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Talking dogs: A device, from Sweden, that tells you what your dog is thinking

A group of Swedes is selling a device they say can translate your dog’s thoughts into English — and they’re seeking investors to help pay for further development of what they admit is a “work in progress.”

The first of many things we find questionable about this is why the young researchers at Nordic Society for Invention and Discovery — constantly on the lookout, they say, for “cool” and “awesome” things they can do with technology — wouldn’t be translating the thoughts of dogs into Swedish.

The only answers I can come up with are that either they are far more interested in making some money than in figuring out what goes on in a dog’s head, or they view the residents of dog-loving, English-speaking countries as more gullible, and more likely to fall for what they are peddling.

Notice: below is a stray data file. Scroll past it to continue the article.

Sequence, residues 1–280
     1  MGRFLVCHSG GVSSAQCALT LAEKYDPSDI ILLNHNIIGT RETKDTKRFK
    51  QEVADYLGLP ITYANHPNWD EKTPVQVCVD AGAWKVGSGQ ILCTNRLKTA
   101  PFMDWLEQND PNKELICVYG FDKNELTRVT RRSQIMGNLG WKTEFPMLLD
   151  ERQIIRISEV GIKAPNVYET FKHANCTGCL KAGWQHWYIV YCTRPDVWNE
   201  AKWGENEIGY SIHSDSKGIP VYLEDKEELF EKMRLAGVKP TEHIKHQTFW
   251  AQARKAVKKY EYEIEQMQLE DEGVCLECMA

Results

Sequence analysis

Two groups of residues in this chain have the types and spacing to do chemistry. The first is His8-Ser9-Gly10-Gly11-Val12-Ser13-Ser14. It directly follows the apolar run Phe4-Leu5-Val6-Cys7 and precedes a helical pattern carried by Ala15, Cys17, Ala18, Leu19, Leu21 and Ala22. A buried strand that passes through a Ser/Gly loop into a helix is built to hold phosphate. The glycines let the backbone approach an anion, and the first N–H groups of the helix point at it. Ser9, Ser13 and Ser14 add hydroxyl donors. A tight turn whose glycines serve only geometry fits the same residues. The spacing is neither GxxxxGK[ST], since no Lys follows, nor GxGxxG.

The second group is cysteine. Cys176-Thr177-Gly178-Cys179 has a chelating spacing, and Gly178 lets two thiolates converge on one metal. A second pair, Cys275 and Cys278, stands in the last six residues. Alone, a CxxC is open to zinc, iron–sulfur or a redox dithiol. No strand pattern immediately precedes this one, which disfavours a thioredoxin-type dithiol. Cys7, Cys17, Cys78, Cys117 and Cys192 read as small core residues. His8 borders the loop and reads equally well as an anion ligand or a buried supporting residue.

We did buy a lot of Abba albums after all, didn’t we?

Already, they’ve raked in more than $16,000 in their IndieGoGo fund-raising drive.

nomorewoofThe product is called No More Woof. It consists of a headset, worn by your dog, the (non-intrusive) sensors of which pick up EEG signals, and software that translates those signals, via loudspeaker, into thoughts.

Strangely, this company-made video (above) never shows the device in action, yet the inventors are ready to sell you one — either a basic model for $60, or an advanced model for $85, or a more advanced model for $300, or a really, really advanced model for $600.

The development firm also takes credit for inventing a hovering lamp that follows you from room to room, an iPad-charging rocking chair, and “Nebula 12,” described as an indoor cloud. They are currently at work on a flying carpet.

It’s no joke — even if No More Woof sounds pretty laughable.